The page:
Jason G. Weiss: The CMMC is really only directed right now to defense industrial base contractors and subcontractors through the Department of Defense. So it’s focused on it, and so there’s hundreds of thousands — probably 300,000-400,000 of those folks. But I gotta say, I love what they tried to do with that, because they put their own framework in place with different probe requirements and sutff. I think the thought there was great, and I think it’s not developed like they hoped it would. And it’s been delayed because of COVID and other problems. But I think eventually, you’re going to have to come up with these DIB contractors or subcontractors are going to have to use some kind of cybersecurity framework to be able to connect. And I think that’s a good thing. I don’t think this legislation replaces that; I think it’s more in addition to. The problem comes down, Tom, to — the FBI had a great expression, I love to use it — is the only safe network is a network with no users. And as long as you have users on a network, there’s going to be risk. And the problem is, I really hope before they finalize any legislation or even administrative requirements, that they really sit down and think about this from a practical reality standpoint. You will have so many people and so much money and so many pieces of the pie to go around. If you start having people chase down every reported incident to see if it’s a cyberattack. I’m not sure that’s, that’s viable or possible to do efficiently and effectively. And I think you minimize your response capability as a whole.
Jane Blaney: I wanted to actually raise one other point related to that, Tom, and related to your question in regard to contractors. Something else that has been, that was brought up in the memo and that we’re seeing touched on in the legislation is this idea of working towards more automation in incident reporting. And I think that for contractors, that’s something to really consider going forward. In the memo released, you know, early in December, one of the things they talked about was that CISA plans to release information about working towards more machine-readable data formatting, and providing some guidelines and structures on how to create this machine-readable data. And they plan to release that around April of 2022 is when the memo says. And what’s significant about that is that contractors will also need to pay attention to those guidelines in creating that machine-readable data. And the reason that they want that is because they’re working towards having real-time reporting of data incidents or cybersecurity incidents. So whether it’s you don’t directly work with the agencies or working with contractors, when we’re talking about data, that’s something for companies to consider, that’s something for their lobbyists to consider, is how close are they to be able to wrangle their data in that way? Can they do that? What does that look like? Is that feasible? So that’s something also to consider.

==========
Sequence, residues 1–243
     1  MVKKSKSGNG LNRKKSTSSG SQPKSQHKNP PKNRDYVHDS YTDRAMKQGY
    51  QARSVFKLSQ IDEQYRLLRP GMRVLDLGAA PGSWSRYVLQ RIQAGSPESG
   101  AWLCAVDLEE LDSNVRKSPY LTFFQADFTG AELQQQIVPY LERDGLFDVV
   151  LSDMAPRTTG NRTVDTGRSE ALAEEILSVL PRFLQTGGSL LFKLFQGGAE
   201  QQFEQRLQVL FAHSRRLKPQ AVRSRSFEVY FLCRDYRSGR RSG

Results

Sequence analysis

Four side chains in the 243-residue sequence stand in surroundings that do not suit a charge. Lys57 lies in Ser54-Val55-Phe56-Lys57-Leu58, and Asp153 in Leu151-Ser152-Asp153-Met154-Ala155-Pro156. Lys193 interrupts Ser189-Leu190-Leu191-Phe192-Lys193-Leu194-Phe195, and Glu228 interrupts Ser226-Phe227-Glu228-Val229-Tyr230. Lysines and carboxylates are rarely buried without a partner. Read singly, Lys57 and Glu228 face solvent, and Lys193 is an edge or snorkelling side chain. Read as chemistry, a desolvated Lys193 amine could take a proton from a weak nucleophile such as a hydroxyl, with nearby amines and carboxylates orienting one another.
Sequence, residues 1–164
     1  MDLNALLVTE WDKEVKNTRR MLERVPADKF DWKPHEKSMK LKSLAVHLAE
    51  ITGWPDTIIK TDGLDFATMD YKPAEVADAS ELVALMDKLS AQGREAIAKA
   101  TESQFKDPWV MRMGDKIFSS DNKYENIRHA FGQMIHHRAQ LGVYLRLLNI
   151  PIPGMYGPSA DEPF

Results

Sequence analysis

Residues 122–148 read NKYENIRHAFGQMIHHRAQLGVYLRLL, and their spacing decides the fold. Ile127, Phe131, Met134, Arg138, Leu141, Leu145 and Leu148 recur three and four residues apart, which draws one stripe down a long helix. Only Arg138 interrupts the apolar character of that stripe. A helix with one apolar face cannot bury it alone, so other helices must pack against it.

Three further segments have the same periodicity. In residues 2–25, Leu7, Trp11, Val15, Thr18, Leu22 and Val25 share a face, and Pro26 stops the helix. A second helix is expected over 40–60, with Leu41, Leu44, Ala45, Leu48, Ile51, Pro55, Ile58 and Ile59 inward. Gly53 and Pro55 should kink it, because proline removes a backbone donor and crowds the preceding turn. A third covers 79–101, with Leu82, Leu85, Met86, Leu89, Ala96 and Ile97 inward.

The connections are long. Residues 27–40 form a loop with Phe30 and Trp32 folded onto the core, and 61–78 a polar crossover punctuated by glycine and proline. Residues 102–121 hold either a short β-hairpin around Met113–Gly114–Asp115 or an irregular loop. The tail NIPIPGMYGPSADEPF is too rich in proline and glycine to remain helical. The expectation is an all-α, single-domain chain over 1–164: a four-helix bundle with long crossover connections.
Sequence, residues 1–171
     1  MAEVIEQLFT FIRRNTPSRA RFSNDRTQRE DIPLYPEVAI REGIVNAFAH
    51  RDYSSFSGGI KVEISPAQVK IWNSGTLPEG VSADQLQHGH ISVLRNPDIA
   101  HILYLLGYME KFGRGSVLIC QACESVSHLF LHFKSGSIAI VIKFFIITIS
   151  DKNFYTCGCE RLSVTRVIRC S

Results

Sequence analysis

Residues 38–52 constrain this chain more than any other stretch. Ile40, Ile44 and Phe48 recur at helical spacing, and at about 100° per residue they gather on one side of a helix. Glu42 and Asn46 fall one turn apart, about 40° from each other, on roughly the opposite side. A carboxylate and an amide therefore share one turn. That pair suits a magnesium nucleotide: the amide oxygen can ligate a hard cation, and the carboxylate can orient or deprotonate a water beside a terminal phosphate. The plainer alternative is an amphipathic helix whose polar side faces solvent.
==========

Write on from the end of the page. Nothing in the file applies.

Tom Temin: All right. Lots of things have to gel here, I guess, before any of this becomes reality. Attorneys Jane Blaney and Jason G. Weiss are with the Faegre Drinker law firm. Thanks so much for joining me.